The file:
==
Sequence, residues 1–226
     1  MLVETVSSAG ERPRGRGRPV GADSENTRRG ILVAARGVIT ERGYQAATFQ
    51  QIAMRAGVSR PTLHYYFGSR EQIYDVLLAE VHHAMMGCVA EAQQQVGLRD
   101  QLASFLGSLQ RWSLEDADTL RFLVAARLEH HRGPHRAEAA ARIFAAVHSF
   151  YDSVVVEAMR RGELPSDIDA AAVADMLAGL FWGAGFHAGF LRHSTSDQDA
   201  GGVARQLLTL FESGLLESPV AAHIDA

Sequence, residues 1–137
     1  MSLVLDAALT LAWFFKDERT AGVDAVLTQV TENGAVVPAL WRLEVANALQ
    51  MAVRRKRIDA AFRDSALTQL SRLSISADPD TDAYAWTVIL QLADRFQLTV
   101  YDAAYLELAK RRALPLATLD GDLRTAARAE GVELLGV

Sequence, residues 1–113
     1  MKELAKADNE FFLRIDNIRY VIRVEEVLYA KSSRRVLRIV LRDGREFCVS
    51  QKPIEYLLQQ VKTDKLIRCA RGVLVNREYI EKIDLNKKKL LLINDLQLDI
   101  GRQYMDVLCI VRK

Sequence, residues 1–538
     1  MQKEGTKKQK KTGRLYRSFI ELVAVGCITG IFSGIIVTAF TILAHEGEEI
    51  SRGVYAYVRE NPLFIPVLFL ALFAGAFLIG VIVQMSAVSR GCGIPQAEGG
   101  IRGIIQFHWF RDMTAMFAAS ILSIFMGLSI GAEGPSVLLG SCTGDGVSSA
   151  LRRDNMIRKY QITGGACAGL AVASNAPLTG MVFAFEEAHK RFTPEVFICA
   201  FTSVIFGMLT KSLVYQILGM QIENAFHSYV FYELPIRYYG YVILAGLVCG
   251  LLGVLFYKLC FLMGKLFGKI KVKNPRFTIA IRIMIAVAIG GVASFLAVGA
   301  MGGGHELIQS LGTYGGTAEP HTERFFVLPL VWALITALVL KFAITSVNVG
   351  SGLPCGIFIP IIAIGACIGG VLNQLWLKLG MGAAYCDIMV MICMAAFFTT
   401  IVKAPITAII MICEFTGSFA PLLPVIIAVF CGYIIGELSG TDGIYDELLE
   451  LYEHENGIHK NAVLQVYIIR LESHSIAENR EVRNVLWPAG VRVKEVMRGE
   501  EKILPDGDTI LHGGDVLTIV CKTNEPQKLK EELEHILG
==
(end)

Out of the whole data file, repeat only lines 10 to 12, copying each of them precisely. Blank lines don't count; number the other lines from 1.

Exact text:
   101  YDAAYLELAK RRALPLATLD GDLRTAARAE GVELLGV

Sequence, residues 1–113
     1  MKELAKADNE FFLRIDNIRY VIRVEEVLYA KSSRRVLRIV LRDGREFCVS